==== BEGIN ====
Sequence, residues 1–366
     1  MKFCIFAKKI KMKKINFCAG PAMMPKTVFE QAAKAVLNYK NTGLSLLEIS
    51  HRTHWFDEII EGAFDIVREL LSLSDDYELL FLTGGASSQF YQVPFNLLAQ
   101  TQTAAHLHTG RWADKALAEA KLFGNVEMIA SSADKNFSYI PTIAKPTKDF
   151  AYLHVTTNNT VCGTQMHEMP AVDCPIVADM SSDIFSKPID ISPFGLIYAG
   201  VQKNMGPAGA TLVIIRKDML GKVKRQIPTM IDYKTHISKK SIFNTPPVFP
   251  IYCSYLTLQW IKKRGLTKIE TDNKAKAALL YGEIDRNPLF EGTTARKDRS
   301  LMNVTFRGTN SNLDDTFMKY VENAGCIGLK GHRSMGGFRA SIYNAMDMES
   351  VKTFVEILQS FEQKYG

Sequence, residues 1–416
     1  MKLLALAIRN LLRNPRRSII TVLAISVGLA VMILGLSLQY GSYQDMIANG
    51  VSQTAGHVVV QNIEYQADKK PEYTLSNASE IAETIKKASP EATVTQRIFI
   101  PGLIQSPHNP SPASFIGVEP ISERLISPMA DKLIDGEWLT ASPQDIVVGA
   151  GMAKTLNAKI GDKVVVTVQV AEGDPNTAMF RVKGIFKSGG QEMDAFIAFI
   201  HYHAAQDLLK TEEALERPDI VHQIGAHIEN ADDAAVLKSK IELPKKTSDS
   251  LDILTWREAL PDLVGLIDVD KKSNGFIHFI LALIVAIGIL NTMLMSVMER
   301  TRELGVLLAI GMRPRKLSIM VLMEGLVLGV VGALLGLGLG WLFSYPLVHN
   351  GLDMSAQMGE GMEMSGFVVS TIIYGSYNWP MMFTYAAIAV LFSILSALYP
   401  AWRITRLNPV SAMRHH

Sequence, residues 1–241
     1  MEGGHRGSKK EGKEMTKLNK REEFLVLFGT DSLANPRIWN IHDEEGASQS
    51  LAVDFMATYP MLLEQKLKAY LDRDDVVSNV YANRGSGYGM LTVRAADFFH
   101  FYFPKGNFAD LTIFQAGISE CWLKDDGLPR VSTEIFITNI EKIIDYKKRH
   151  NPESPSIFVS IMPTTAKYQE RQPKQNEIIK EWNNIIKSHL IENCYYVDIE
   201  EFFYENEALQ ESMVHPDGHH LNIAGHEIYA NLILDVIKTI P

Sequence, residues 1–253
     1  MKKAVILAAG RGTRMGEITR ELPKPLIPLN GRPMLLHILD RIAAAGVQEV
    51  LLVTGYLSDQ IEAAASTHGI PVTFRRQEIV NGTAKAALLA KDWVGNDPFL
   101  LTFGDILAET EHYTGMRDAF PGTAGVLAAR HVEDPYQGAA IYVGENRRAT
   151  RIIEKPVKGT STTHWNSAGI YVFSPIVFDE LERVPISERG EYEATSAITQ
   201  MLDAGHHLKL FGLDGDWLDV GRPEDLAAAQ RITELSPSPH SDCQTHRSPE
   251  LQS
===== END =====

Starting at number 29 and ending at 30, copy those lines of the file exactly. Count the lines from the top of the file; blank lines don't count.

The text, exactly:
   101  LTFGDILAET EHYTGMRDAF PGTAGVLAAR HVEDPYQGAA IYVGENRRAT
   151  RIIEKPVKGT STTHWNSAGI YVFSPIVFDE LERVPISERG EYEATSAITQ